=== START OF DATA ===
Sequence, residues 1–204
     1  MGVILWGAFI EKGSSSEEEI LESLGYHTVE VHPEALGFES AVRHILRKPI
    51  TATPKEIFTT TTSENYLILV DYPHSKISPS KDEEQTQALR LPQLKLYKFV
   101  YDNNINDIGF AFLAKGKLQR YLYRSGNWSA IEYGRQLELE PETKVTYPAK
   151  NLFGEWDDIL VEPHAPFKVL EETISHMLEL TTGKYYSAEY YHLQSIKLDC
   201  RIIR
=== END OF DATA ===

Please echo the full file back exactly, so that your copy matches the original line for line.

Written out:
Sequence, residues 1–204
     1  MGVILWGAFI EKGSSSEEEI LESLGYHTVE VHPEALGFES AVRHILRKPI
    51  TATPKEIFTT TTSENYLILV DYPHSKISPS KDEEQTQALR LPQLKLYKFV
   101  YDNNINDIGF AFLAKGKLQR YLYRSGNWSA IEYGRQLELE PETKVTYPAK
   151  NLFGEWDDIL VEPHAPFKVL EETISHMLEL TTGKYYSAEY YHLQSIKLDC
   201  RIIR